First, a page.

So I decided that while the one player who stayed in the village would play his character while the rest of the group would take on temporary characters, villagers who are defending their home. The idea caught on and the players would often create a "zombie" character while the party was split. When I started another game in that world recently (this time under the Savage Worlds rules), one of the players decided to bring in one of his former zombies in as his main character.

Thursday, October 22, 2009

Making Gamers

It has been said that it is next to impossible to make gamers. You cannot just give people an RPG and expect them to go for it. That is one of the many things I picked up from the very experienced Aldo Ghiozzi and I have no reason to doubt him.

But the fact remains that it did happen. When Dungeons & Dragons debuted, there was no existing RPG market for them to draw off of. Vampire: The Masquerade also drew people into the hobby that might not have otherwise played. Several other games have tried this and failed. What did they do that worked?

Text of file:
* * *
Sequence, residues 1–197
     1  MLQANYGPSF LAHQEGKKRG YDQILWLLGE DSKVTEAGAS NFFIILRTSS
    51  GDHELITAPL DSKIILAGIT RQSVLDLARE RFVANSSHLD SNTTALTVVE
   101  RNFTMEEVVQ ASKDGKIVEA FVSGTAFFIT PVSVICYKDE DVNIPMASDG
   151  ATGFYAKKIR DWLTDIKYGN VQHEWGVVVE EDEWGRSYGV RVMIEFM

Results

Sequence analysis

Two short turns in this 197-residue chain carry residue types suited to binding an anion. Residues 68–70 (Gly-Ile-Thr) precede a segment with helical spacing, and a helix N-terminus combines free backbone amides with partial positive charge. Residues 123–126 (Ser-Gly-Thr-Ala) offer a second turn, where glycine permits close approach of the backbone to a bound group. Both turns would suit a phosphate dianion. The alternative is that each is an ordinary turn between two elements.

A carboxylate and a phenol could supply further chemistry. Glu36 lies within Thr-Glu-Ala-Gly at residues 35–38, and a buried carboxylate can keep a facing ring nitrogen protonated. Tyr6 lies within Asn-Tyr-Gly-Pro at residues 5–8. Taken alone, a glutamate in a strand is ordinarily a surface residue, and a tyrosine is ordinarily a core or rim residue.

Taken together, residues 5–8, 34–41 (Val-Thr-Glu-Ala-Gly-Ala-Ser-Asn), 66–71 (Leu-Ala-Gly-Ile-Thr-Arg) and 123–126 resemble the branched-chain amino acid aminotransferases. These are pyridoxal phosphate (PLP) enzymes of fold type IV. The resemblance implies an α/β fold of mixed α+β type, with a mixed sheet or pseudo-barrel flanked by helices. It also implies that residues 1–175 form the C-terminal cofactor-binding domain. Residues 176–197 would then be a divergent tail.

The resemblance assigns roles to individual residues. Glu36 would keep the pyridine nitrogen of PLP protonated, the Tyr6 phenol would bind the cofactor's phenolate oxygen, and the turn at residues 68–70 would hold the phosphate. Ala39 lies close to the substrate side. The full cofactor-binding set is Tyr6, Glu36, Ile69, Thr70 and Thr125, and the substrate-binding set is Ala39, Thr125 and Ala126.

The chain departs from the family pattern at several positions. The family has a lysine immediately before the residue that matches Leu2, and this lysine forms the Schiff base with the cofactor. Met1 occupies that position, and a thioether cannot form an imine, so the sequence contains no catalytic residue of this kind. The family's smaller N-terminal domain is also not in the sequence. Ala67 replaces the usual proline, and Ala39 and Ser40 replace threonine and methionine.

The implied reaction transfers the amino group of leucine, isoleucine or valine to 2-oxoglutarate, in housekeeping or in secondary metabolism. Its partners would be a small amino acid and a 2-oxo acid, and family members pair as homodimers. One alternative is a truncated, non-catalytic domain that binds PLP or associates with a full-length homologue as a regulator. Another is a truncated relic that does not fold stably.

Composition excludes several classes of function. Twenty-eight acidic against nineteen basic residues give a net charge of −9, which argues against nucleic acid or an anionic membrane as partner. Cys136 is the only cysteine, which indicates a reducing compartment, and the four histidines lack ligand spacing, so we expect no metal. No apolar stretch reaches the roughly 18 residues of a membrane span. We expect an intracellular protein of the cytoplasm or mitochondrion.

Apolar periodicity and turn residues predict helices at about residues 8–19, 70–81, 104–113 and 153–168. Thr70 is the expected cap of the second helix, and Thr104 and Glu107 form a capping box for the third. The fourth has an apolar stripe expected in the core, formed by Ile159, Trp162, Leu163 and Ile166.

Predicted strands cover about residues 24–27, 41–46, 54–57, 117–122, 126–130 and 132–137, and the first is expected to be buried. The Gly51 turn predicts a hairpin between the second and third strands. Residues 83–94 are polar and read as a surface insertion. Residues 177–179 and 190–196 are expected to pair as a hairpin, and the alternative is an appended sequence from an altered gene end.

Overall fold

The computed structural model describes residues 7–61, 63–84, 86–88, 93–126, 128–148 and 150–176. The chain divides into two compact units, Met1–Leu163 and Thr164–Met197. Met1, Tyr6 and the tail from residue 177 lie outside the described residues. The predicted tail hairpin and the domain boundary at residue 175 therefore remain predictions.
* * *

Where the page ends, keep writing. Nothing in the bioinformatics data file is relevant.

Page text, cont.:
Both games appealed to the non-roleplayer. D&D started life as a miniatures wargame with a few innovations. Vampire came out during the heyday of the goth subculture and gave players an opportunity to create a consistent world where they were all vampires and had plenty of reason to be goth and emo. Also, as we can see, they both connected with these groups when they were at their height.

With the 70th anniversary of the MGM movie this year, and the 100th anniversary of The Road to Oz for the Oz nerds, it seems like that is starting to happen. The third novel in The Wicked Years (A Lion Among Men) came out this year and Wicked is still going strong on Broadway with talk of a film adaptation. All of this sets a pretty fertile field for Oz activity of all sorts.

And I think an Oz RPG like Adventures in Oz has a lot to offer the Oz community. Oz gamers can finally have a rule system designed with Oz in mind. Oz scholars can enjoy picking apart the Oz reference material I have compiled for the book. Oz collectors can have one more item for their ever-growing collections. Oz art fans can bask in the new art that I have commissioned for the game. Oz writers and storytellers can have one more outlet for their imagination.